FCC moves forward with plan to scrap net neutrality protections

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The Republican-led Federal Communications Commission voted yesterday to start undoing a key decision from the Obama era, in a move aimed at easing regulations on internet providers. "The utility-style regulations known as Title II were and are like the proverbial sledgehammer being wielded against the flea".

The first stage of the process is the filing of a 'Notice of Proposed Rulemaking' (NPRM), outlining the changes the FCC are seeking to make.

For the next 90 days, the FCC will collect comments from stakeholders and the general public before drafting a specific order and voting on whether to set it into law.

Those who support Pai's plan, including Republicans and broadband providers, argue the 2015 regulation is an FCC regulatory overreach that has prevented investment and innovation in broadband infrastructure and has harmed customers.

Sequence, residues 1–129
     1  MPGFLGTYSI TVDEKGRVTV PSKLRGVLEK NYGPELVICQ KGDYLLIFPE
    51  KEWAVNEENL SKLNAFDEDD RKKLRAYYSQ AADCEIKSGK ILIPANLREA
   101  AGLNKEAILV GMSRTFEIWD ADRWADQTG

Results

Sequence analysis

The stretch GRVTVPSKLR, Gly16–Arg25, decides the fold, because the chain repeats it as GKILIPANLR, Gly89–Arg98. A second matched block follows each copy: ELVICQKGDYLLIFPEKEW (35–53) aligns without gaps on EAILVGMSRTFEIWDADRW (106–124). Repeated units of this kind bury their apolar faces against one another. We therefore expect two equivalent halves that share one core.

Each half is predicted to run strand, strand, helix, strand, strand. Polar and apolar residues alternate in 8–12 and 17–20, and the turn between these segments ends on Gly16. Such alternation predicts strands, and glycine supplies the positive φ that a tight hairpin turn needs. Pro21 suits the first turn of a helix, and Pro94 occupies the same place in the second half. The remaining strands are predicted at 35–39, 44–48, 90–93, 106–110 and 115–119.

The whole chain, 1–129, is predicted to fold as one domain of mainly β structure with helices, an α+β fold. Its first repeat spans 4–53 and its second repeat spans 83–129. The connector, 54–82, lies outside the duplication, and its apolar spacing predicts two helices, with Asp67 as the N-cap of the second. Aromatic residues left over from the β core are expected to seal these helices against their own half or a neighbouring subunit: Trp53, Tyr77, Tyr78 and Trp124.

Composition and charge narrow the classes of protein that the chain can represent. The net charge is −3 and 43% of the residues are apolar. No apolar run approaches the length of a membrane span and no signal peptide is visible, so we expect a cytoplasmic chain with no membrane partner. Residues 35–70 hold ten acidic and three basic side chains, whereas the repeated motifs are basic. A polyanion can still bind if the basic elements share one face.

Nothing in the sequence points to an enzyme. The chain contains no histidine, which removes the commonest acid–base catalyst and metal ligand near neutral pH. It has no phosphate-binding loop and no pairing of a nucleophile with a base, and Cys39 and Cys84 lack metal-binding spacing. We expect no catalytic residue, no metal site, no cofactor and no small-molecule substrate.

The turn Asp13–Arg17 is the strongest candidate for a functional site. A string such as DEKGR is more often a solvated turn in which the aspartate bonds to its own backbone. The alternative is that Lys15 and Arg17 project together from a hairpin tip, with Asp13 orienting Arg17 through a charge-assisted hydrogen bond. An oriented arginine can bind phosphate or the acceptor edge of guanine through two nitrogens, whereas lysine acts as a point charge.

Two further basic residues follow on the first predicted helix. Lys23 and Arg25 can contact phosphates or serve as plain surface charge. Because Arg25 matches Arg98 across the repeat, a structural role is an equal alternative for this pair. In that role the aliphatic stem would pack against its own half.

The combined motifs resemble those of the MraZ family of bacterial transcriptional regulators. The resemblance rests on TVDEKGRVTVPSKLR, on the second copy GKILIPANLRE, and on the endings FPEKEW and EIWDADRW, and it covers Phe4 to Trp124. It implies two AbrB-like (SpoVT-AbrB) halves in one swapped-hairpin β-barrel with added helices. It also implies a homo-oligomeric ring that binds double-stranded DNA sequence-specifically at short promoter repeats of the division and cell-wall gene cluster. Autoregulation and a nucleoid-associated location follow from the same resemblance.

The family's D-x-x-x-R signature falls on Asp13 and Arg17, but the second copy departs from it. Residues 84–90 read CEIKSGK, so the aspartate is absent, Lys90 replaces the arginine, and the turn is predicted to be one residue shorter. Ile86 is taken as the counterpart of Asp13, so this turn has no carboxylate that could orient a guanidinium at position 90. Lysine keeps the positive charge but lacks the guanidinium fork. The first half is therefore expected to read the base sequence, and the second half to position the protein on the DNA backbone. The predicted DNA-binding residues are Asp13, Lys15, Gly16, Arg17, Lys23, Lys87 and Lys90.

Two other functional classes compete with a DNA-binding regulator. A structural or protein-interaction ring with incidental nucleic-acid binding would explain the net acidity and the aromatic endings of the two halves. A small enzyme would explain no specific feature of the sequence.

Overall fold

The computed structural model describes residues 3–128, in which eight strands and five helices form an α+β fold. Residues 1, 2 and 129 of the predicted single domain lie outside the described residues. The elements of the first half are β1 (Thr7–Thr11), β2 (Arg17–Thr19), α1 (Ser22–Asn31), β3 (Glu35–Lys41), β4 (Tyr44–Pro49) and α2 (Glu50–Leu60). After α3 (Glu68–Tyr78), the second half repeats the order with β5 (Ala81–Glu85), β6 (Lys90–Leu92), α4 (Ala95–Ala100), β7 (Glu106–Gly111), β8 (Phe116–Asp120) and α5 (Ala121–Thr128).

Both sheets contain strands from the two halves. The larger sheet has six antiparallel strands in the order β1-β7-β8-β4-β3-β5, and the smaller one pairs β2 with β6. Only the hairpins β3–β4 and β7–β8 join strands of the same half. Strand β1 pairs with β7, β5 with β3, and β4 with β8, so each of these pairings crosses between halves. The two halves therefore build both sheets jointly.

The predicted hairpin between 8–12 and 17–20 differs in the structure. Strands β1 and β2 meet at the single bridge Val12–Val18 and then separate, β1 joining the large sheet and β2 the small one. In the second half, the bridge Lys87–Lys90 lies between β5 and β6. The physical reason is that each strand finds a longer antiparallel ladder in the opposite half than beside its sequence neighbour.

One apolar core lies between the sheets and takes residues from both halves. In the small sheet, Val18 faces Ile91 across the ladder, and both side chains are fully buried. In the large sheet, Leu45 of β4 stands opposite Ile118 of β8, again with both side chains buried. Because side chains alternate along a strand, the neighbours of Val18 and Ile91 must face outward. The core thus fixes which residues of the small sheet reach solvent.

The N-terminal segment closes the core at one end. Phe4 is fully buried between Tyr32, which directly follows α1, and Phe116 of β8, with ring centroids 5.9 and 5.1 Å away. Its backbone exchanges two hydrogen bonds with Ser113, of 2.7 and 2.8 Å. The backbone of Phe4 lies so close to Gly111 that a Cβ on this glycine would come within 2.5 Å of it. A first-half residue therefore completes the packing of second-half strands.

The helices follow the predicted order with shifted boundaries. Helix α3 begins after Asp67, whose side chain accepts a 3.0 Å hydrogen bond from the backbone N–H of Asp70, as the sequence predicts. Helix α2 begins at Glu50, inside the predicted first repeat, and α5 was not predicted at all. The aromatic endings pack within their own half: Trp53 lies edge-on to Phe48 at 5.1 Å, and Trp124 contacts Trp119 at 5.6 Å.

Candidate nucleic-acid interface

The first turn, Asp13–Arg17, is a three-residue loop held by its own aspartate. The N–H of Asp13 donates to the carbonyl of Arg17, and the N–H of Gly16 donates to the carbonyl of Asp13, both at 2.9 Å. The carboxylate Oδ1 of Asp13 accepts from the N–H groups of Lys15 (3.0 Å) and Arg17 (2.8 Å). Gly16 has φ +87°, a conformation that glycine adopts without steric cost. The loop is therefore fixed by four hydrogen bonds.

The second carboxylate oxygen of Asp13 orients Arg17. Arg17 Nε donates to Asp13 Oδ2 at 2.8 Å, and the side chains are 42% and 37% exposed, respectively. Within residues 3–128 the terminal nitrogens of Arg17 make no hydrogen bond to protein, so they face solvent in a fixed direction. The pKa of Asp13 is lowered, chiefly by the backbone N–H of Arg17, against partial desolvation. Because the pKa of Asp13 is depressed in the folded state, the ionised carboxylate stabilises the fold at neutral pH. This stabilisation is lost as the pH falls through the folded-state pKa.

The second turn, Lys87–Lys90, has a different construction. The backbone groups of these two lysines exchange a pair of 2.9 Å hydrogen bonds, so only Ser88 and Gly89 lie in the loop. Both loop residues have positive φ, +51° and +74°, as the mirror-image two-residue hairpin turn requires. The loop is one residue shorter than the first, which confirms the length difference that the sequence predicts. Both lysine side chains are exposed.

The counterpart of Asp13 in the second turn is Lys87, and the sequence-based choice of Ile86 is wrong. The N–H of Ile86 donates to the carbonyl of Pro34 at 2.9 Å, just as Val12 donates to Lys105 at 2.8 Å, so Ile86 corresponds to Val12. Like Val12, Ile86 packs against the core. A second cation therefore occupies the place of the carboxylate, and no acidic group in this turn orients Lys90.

"For nearly twenty years, the internet flourished under a light-touch regulatory approach".

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Francis Ford Coppola, director of classic films such as "The Godfather" and "Apocalypse Now", has sent a letter to the top US telecommunications regulator to urge support for "net neutrality", which prevents internet companies from blocking, throttling or giving "fast lanes" to particular websites.

Mignon Clyburn, the FCC's solo Democratic member, criticiised the decision, arguing that the decision to revisit the rules marked the Republicans' latest effort to undercut their own mission. He delivered a scathing rebuke of the plans, calling it "a hollow theory of trickle-down internet economics" that "contains ideological interpretive whiplash". "If you unequivocally trust that your broadband provider will always put the public interest over self-interest or the interest of their stockholders, then the "Destroying Internet Freedom" [proposal] is for you", she said.

Under the contested FCC rules to "protect the open Internet", cable companies are not allowed to charge websites more for faster loading times and no content can be blocked. The concept of "net neutrality" generally refers to treating all Internet traffic equally.

This may appear like an issue that only affects the U.S., but it may have troubling implications for the rest of the world, encouraging heavier deregulation by other countries.

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